In Depth

Opec to cut oil production as coronavirus hits

Plummeting prices mean oil-selling nations want production cut, but they must act together and Russia seems reluctant

The coronavirus outbreak has led to a huge reduction in travel, manufacturing, and other economic activities, all of which have impacted the world’s demand for oil.

With supply far outstripping demand, the price of oil is falling fast, and amid alarm over a further collapse, the 14 countries that make up the Organisation of the Petroleum Exporting Countries (Opec) convened in Vienna yesterday to coordinate a response.

The solution they reached was to take 1.5 million barrels per day off the market, reducing supply with the aim of pushing up prices that are now hovering around $50 a barrel, down from nearly $60 two weeks ago.

“The Covid-19 outbreak has had a major adverse impact on global economic and oil demand forecasts for 2020,” Opec said in a statement, “particularly for the first and second quarters.”

There is already an existing Opec reduction of 2.1 million barrels per day in place, and that is due to expire at the end of March; yesterday’s conference proposed keeping this cut extended to the end of the year in addition to the new one.

“It would bring the group’s overall output reduction to 3.6 million bpd or about 3.6 percent of global supplies,” says Al Jazeera. “The last time Opec reduced supplies on such a scale was in 2008 when it cut production by a total of 4.2 million bpd to address slower demand because of the global financial crisis.”

However, the agreement has a condition, namely that Russia, which is not a member of Opec, agrees to cut their own production too, and Moscow is proving resistant to attempts to convince them to do so.

Russia and other non-Opec members, which alongside the organisation are referred to as Opec+, are expected to shoulder a third of the cuts, and reduce their output by a total of 500,000 bpd.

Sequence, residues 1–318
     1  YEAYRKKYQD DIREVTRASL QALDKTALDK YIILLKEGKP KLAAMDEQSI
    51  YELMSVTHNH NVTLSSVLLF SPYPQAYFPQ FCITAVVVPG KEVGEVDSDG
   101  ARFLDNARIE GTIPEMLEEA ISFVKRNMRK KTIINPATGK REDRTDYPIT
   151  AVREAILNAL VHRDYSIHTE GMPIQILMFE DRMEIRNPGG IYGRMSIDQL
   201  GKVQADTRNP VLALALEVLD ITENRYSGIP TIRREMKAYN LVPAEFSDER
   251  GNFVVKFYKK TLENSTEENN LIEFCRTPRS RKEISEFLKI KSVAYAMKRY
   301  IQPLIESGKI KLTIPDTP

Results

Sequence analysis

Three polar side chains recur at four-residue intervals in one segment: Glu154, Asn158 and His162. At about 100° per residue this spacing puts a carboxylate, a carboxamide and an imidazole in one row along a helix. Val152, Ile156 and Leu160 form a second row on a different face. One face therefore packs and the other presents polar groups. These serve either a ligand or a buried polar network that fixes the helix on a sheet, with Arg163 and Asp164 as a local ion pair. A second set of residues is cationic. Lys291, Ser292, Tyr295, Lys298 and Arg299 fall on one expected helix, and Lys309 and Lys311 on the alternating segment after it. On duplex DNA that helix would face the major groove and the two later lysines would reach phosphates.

Moscow seems to be weighing up the pros and cons of signing on to the agreement. Maintaining production while others cut theirs is a reliable way of increasing long-term market share, and with coronavirus rampant in the Middle East, they may think if they hold their nerve then Saudi Arabia-led Opec may cut production without them.

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On the other hand, failing to act in tandem with Opec could mean the end of their involvement with Opec+, a prestigious affiliation that brings influence over global oil policy.

The Washington Post reports that “the Russian representative to Opec, Alexander Novak, walked out of a preliminary meeting in Vienna on Wednesday, when the cuts were being discussed. According to Russian press reports, he is expected to return with Moscow’s answer on Friday.”

Gary Ross, founder of Black Gold Investors, believes that, in the end, Russia will be compelled to do what it needs to do to prop up the price of oil - a commodity integral to their economy.

“Opec+ have little choice but to cut output substantially given the virus-related demand losses,” he said. “The Saudis have accounted for over half the officially agreed cuts and they will lead the way with additional cuts and the others, including Russia, will join because it is overwhelmingly in their economic interests.”

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